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TO  A  MOUSE
On turning her up in her nest, with the plough,
November, 1785
by
Robert Burns



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Wee, sleekit, cow'rin', tim'rous beastie,

O what a panic's in thy breastie !

Thou need na start awa sae hasty,

Wi' bickering brattle !

I wad be laith to rin an' chase thee

Wi' murd'ring pattle !
 

I'm truly sorry man's dominion

Has broken Nature's social union,

An' justifies that ill opinion

Which makes thee startle

At me, thy poor earth-born companion,

An' fellow-mortal !
 

I doubt na, whiles, but thou may thieve;

What then?   poor beastie, thou maun live !

A daimen-icker in a thrave

'S a sma' request:

I'll get a blessin' wi' the lave,

And never miss't !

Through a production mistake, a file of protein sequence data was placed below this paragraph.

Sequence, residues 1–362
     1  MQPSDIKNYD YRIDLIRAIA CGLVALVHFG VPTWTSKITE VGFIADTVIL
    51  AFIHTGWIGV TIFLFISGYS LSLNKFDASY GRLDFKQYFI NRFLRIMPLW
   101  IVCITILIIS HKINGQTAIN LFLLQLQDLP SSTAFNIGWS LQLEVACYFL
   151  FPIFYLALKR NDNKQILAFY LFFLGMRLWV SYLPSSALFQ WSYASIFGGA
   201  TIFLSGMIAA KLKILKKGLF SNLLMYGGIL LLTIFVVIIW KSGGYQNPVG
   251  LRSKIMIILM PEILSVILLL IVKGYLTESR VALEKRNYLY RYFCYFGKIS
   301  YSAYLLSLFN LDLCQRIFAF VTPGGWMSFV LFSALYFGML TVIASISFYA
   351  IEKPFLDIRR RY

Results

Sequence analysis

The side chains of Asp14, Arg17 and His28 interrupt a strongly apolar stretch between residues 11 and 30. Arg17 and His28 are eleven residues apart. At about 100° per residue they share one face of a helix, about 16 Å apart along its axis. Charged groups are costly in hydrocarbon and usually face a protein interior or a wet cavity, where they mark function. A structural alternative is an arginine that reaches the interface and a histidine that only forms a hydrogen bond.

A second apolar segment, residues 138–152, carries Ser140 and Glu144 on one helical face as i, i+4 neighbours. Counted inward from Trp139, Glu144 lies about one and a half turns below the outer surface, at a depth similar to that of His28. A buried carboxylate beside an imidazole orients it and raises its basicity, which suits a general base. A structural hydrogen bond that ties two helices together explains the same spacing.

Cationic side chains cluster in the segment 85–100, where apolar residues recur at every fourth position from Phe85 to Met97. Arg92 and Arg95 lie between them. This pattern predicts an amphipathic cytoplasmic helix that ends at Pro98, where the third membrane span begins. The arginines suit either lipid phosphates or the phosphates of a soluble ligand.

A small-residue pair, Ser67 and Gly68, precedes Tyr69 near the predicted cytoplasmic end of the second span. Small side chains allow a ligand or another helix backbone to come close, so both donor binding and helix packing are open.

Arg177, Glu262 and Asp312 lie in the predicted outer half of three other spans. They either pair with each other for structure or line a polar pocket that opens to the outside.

Thy wee bit housie, too, in ruin !

Its silly wa's the win's are strewin;

And naething, now, to big a new ane,

O' foggage green !

An' bleak December's winds ensuin'

Baith snell an keen !
 

Thou saw the fields laid bare an waste

An' weary winter comin' fast,

An' cozie here, beneath the blast,

Thou thought to dwell

Till, crash!  the cruel coulter past

Out thro' thy cell.
 

That wee bit heap o'leaves an' stibble

Has cost thee mony a weary nibble !

Now thou's turn'd out, for a' thy trouble,

But house or hald,

To thole the winter's sleety dribble

An' cranreuch cauld !
 

But, Mousie, thou art no thy lane

In proving foresight may be vain:

The best laid schemes o' mice an' men

Gang aft a-gley,

An lea'e us nought but grief an' pain,

For promised joy.
 

Still thou are blest, compared wi' me !

The present only toucheth thee;

But, Och    I backward cast my e'e

On prospects drear !

An' forward, tho' I canna see,

I guess an' fear !
 

&/\&/\&

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